* David Bellamy to step down at the end of 2017
* To be replaced by current CFO Andrew Croft (Recasts to merge separate stories, adds detail from statement, bullet points)
By Simon Jessop
LONDON, Feb 28 (Reuters) - British wealth manager St. James’s Place said Chief Executive David Bellamy would step down at the end of the year after more than a decade, while higher costs weighed on cash earnings and sent the firm’s shares lower.
On Bellamy’s watch the company, which provides a range of financial advice and services to investors, has more than quadrupled client funds to over 75 billion pounds ($93.2 billion), it said on Tuesday.
Bellamy will leave his role at the end of 2017 but stay on in an advisory capacity, taking the title of non-executive chairman of its international operations.
He will be replaced by current Chief Financial Officer Andrew Croft, who in turn will be replaced as CFO by Craig Gentle, currently Chief Risk Officer.
“The very well regarded CEO David Bellamy will step down at year end after 11 years as CEO and be replaced by equally highly regarded CFO Andy Croft. Importantly it’s an internal appointment which we view as key,” said JPMorgan analyst Ashik Musaddi in a note to clients.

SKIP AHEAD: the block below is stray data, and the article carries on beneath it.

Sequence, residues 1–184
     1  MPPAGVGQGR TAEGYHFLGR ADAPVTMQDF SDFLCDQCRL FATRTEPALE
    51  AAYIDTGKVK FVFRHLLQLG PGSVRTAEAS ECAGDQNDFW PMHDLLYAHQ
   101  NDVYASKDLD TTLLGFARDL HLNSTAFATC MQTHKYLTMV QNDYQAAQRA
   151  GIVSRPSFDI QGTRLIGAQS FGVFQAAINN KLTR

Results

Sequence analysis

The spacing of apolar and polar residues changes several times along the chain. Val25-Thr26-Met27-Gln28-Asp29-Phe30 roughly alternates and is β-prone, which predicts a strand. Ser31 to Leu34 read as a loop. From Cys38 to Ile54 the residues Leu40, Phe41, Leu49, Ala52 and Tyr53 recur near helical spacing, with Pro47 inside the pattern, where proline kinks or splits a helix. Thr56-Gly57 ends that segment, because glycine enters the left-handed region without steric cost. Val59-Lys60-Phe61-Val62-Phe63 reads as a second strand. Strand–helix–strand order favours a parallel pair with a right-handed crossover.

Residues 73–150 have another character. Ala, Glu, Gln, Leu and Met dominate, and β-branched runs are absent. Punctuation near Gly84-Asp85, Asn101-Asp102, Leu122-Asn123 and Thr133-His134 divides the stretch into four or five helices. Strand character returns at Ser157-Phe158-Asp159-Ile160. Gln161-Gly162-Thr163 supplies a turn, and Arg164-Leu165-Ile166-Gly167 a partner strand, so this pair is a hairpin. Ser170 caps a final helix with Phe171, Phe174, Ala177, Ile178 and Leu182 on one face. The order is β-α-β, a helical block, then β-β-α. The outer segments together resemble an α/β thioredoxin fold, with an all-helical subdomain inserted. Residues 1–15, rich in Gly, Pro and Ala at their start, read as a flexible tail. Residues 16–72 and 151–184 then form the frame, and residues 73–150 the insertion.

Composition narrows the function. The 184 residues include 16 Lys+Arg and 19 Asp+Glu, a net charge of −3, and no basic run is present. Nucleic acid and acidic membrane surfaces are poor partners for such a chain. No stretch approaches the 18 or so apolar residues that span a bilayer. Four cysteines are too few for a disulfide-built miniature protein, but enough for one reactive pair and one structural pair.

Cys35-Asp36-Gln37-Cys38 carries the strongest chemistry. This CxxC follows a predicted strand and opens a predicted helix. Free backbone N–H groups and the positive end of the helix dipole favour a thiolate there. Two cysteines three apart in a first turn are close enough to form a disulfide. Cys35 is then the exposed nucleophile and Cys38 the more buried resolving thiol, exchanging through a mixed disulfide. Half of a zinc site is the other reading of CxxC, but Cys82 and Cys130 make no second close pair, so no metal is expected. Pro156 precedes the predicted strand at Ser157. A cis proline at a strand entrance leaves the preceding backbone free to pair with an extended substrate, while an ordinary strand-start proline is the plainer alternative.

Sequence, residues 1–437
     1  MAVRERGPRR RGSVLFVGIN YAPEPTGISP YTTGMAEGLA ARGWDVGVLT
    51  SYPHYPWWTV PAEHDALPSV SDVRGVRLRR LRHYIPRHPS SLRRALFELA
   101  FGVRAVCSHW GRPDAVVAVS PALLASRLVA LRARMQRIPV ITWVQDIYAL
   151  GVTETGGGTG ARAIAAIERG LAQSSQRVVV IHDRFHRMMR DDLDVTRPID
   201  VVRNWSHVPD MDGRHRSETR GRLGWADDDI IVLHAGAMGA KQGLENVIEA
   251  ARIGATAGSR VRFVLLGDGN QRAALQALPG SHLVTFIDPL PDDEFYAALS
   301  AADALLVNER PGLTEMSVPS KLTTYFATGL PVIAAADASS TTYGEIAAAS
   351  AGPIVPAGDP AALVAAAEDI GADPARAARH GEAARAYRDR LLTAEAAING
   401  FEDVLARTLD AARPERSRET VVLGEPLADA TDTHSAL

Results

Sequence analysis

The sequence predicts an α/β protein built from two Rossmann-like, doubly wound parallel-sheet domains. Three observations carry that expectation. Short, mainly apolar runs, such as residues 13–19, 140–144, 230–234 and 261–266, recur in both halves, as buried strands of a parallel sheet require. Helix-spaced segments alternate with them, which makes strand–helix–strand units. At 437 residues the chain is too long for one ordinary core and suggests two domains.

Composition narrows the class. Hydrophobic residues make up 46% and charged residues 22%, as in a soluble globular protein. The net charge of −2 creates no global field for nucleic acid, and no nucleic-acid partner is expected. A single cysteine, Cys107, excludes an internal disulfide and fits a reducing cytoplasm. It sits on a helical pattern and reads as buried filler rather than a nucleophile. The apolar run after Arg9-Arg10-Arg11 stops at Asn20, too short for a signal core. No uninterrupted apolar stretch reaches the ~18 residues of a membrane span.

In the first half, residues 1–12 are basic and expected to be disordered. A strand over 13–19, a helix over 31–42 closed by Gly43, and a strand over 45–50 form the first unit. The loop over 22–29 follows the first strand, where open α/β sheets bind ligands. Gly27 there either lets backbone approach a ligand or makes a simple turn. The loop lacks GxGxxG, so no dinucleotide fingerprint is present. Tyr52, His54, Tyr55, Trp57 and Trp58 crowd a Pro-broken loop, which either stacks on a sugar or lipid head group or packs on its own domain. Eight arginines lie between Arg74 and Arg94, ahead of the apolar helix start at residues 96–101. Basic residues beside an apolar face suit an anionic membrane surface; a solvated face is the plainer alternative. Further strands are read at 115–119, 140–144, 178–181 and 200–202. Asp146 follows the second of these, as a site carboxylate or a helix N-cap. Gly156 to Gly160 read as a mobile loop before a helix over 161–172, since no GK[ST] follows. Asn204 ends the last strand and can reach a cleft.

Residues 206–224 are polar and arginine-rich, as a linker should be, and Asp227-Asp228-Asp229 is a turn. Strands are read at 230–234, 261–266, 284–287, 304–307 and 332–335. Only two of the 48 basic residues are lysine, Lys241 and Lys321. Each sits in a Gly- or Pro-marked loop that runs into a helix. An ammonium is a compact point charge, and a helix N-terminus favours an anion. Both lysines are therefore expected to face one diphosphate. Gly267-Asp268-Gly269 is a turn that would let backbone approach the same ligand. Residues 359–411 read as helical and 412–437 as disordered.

Musaddi said the results beat consensus for new business profits and operating profits, although operating cash earnings were a slight miss, weighed by the cost of expanding operations and improving the firm’s infrastructure.
Shares in St James’s Place were down 3 percent at 1056p by 0850 GMT..
St James’s Place said operating cash earnings rose to 226 million pounds from 195.6 million pounds, missing some estimates after higher costs including those associated with hiring more advisors and expanding into Asia.
Operating profits on a European embedded value (EEV) basis, which discounts future cashflows and is one of the main gauges of performance, rose 2 percent to 673.6 million pounds, up from 660.2 million pounds in 2015.
The firm said it would pay a final dividend of 20.67 pence a share, up 20 percent, to take the total dividend for the year up 18 percent to 33 pence a share. ($1 = 0.8050 pounds) (Reporting by Simon Jessop; Editing by Maiya Keidan/Keith Weir)